"I just don't understand it," a friend told me recently, in reference to my son's transition from girl to boy.
At 16, my son has publicly identified as male for about four years now. Some friends have been on board since day one, and that's been incredibly helpful, both to my son and to me.
As the parent of a trans teen, I appreciate anyone who can make his world warmer and more accepting.
This friend I was speaking to has always been on our peripheries. We've known each other since before our children were born, although we've never been close. But we're close enough, apparently, for her to voice to discomfort to me about my son's transition.
"I don't get it", and variations thereof, is something I hear a fair bit. And I understand where they're coming from, to a degree. I don't know what it's like to be trans either, but I also don't think I need to.
I remember these types of conversations back when I was a kid, and my grandparents had just found out that gay people exist.
"But what do they do?" my grandmother asked, baffled. "And why would they want to make life hard for themselves like that?
I'm sure if she was alive today, my grandmother would be equally baffled by my trans son, but she'd love him anyway. She was good like that.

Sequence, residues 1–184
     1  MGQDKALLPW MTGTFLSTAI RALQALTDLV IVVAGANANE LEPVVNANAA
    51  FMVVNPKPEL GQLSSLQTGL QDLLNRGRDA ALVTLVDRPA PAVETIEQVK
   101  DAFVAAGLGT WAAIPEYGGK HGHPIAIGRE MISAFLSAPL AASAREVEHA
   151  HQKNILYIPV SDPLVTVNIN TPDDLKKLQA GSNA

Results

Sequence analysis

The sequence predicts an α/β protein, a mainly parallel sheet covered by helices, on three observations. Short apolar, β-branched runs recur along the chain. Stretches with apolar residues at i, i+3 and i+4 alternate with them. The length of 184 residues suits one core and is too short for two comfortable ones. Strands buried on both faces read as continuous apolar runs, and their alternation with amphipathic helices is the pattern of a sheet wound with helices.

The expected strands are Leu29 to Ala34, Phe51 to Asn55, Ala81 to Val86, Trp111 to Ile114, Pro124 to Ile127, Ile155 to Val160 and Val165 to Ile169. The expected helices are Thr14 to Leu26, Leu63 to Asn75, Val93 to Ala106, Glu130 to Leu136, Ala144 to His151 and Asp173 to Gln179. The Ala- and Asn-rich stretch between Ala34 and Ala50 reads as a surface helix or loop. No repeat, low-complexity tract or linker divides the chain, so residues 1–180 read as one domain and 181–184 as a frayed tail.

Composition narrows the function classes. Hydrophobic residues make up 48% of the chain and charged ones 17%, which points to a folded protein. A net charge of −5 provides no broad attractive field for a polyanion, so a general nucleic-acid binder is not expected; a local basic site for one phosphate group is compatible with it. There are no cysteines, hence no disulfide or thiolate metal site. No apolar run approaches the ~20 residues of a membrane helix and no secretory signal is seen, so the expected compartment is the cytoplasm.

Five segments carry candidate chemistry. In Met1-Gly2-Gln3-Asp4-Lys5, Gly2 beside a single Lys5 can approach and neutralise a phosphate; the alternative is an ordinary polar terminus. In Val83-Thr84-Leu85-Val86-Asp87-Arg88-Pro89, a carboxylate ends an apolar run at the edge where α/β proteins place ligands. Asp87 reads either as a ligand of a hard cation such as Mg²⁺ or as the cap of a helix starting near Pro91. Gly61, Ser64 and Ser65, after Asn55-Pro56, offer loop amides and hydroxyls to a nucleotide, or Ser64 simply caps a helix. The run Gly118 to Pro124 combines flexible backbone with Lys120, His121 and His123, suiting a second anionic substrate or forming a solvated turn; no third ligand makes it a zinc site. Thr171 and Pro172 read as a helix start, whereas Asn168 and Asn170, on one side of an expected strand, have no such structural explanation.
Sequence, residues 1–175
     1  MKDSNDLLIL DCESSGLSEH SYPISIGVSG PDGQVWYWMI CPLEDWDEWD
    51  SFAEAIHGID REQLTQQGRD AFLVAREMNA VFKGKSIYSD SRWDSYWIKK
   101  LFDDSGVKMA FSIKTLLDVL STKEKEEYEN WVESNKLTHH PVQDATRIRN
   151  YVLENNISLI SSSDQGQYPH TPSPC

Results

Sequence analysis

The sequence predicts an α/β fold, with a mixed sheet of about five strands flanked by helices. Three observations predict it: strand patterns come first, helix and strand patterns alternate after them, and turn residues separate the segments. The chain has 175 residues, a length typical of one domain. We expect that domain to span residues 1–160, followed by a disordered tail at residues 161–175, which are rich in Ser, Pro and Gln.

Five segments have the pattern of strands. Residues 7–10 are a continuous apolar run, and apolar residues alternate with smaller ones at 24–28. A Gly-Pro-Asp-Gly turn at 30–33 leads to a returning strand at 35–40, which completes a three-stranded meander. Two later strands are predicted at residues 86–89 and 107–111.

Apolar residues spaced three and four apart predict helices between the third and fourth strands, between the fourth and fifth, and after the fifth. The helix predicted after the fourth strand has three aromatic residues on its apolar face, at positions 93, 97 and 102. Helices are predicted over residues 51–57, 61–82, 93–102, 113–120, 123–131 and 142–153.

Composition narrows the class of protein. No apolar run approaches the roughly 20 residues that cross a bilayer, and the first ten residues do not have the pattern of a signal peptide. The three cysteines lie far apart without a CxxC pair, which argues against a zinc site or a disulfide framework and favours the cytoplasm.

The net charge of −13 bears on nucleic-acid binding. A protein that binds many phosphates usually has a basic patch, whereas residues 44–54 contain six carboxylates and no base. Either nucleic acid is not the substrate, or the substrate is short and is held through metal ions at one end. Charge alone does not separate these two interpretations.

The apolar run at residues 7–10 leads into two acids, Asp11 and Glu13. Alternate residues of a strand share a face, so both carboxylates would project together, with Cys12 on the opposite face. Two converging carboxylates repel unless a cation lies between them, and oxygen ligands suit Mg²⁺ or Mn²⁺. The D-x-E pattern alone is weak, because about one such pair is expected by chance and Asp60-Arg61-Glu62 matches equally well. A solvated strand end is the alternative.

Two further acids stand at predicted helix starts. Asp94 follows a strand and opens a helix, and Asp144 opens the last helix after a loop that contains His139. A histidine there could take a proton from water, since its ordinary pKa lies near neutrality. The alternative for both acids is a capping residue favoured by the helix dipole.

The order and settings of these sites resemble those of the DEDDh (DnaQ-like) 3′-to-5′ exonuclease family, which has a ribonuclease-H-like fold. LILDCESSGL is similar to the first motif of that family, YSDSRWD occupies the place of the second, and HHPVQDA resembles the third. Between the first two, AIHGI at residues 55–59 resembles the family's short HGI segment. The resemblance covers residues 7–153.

I don't know what it's like to feel like I was born in the wrong body, to feel betrayed by my body's overt expressions of gender, or just wrong in my own skin. There's a level of understanding I'll never have.
But I do know what it's like to parent someone like that. I've seen and heard the torture and misery those feelings can bring. And I've learnt some lessons about humanity along the way too.
The thing is, I told my friend, you don't have to understand anything about my son's transition. All you have to do is respect his freedom to be who he is, treat him with kindness, and get on with your own life.
You don't have to worry about what this will mean for his relationships, you don't have to worry about how hard it might be for him at school, and you don't have to worry about what types of medications or surgeries he's having.
That's all his business.
To get along as a society, we don't always have to "get" one another. There are a lot of people I don't get: people with "My Family" stickers, people who would rather talk about someone behind their back than have a confronting conversation, and people who sell out Miley Cyrus concerts.
But I don't have to get them. Those choices are not mine to make, and are not about me in any way.
We're all different and that's okay. I don't have to have a My Family sticker on my car, I don't have to participate in gossip, and I am mercifully in no way obliged to attend any Miley Cyrus concerts.
And, similarly, my friend doesn't have to be transgender, doesn't have to attend any rallies, nor give a lecture on the ins and outs of being trans in a cis world.
She just has to live and let live.
It feels like a small thing to ask, but it's big to me, and it's big to my son, so I'm asking it anyway.